Job reallocation and productivity growth under alternative economic systems and policies : evidence from the Soviet transition

How do economic policies and institutions affect job reallocation processes and their consequences for productivity growth? This paper studies the extreme case of economic system change and alternative transitional policies in the former Soviet Republics of Russia and Ukraine. Exploiting annual industrial census data from 1985 to 2000, we find that Soviet Russia displayed job flow behavior quite different from market economies, with very low rates of job reallocation that bore little relationship to relative productivity across firms and sectors. Since liberalization began, the pace, heterogeneity, and productivity effects of job flows have increased substantially. The increases occurred more quickly in rapidly reforming Russia than in "gradualist" Ukraine, as did the estimated effects of privatization and competitive pressures from product and labor markets on excess job reallocation and on the productivity-enhancing effects of job flows.

Gross job flows in Russian industry before and after reform : has destruction become more creative ?

This Paper uses 1985-99 manufacturing census data for old Russian enterprises to calculate the magnitude and productivity effects of gross job flow rates before and after reforms. Job creation was low throughout the period in this sector, but increased slightly during the transition, while job destruction rose markedly. Heterogeneity in firm employment change also increased significantly. Intra- and inter-sectoral job reallocation had no effect on aggregate labour productivity during the socialist period, while they have made a strong positive contribution during the transition. Privatization and product market competition have not led to greater job destruction overall, but rather have helped to focus the destruction in the firms with the lowest productivity.

Privatization, competition and reform strategies : theory and evidence from Russian enterprise panel data

A critical, but largely unexamined assumption in the debate over reform policy design, concerns the complementarity or substitutability of market competition and private ownership in increasing firm efficiency. We analyse a simple Cournot model that distinguishes two aspects of privatization interacting with market opening: privatization of a firm and privatization of its competitors. Under plausible conditions, the model implies that privatizing a firm is a substitute for exposing it to competitive markets, but privatizing its competitors is complementary. Our empirical analysis uses augmented 3-factor translog production functions estimated on 1992-99 panel data for 13,288 Russian manufacturing enterprises. We find that nonstate ownership of a firm reduces the marginal efficiency impact from product market dispersion, but the share of its competitors that are nonstate increases this marginal impact. Disaggregating nonstate ownership, we find that the shares of competitors in all three nonstate types are complementary with dispersed market structure, where the strongest complementarity involves foreign ownership. The evidence suggests that an important indirect impact of private ownership may be the intensification of market competition, and thus that competition only among state-owned enterprises may be ineffectual in stimulating them to increase efficiency.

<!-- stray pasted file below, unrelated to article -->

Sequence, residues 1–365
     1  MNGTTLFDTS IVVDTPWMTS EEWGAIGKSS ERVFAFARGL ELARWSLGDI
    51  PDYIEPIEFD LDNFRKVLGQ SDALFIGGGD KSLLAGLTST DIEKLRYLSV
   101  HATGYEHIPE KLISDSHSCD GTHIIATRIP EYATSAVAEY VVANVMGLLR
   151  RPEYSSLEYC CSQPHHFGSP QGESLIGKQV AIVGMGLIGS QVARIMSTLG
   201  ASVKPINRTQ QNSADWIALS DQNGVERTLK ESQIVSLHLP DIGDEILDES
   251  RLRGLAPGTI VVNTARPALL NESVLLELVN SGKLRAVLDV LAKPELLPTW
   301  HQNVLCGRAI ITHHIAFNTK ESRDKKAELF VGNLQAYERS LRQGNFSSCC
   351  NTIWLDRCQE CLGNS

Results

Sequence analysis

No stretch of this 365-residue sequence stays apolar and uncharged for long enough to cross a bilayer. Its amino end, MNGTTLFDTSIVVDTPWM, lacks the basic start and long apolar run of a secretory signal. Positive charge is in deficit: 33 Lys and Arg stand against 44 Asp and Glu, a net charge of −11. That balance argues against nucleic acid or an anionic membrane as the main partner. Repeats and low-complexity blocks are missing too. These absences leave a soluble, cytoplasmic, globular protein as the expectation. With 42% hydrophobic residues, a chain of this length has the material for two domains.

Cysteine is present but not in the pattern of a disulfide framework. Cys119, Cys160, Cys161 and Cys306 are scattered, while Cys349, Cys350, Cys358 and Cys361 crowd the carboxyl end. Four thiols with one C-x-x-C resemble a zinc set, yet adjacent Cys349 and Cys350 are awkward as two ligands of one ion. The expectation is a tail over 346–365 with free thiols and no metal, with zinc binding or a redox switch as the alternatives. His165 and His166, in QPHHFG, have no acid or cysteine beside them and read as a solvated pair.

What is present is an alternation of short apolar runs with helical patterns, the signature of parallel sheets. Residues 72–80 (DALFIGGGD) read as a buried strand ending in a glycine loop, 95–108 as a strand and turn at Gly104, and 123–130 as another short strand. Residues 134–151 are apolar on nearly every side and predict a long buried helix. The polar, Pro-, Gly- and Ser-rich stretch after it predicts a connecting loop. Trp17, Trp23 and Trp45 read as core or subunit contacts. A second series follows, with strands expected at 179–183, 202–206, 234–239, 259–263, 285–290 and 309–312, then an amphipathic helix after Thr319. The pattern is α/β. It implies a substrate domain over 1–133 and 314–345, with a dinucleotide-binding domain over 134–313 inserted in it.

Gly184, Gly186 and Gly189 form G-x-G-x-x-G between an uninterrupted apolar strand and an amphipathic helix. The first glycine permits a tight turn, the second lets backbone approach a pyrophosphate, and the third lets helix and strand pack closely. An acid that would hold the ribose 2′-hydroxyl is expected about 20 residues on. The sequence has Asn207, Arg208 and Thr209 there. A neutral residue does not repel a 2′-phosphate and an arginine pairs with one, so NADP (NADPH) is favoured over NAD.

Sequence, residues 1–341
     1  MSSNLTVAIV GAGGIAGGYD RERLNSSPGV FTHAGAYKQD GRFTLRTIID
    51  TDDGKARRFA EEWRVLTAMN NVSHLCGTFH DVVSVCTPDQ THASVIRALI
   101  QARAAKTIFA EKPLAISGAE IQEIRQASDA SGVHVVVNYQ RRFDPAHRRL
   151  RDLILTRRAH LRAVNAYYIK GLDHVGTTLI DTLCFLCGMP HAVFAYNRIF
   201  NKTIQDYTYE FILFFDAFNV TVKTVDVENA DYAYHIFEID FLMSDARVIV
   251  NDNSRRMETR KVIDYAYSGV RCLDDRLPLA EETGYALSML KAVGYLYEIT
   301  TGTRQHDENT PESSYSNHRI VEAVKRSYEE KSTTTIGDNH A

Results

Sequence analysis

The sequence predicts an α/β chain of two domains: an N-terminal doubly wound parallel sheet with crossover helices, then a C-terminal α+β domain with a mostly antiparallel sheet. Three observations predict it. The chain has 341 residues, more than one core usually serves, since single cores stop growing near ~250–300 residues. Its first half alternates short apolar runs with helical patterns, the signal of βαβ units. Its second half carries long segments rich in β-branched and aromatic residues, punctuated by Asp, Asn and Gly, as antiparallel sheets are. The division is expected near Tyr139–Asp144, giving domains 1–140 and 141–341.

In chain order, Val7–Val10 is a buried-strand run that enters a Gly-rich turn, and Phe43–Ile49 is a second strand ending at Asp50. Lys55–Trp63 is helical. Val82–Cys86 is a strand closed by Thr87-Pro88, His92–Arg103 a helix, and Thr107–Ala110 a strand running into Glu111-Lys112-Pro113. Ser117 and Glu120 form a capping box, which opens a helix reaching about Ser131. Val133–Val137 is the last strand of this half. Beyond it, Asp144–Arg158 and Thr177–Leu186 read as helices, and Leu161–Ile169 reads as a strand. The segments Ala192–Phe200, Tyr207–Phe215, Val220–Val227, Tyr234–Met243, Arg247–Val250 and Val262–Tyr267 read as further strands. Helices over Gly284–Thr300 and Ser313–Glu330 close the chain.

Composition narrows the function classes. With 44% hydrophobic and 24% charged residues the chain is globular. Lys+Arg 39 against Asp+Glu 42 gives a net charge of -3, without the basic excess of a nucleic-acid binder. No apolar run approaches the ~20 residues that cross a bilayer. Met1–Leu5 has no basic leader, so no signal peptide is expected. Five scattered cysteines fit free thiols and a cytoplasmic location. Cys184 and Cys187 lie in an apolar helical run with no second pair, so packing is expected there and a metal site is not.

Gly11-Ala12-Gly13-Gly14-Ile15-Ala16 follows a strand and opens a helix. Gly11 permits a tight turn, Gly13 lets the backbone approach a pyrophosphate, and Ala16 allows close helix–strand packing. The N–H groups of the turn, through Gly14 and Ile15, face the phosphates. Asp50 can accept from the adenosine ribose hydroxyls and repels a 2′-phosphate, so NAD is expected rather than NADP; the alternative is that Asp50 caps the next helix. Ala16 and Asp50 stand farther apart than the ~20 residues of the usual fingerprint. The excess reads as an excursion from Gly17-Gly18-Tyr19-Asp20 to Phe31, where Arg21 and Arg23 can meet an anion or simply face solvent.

Competition and firm performance : lessons from Russia

The 'big-bang' liberalization of the inefficient Russian economy in 1992 provides a fruitful setting for analysing the impact of several dimensions of market competition and other factors on enterprise efficiency. We analyse 1992-1998 panel data on 14,961 enterprises covering 75 percent of industrial employment, emphasizing the varied sources, geographic scope, intensity, time path, and survival effects of competitive pressures. We find large, positive effects on TFP from competition in domestic product and local labour markets, and from imports and better transportation infrastructure, although the first effect appears only gradually. Non-state firms outperform state enterprises, even after correction for selection bias.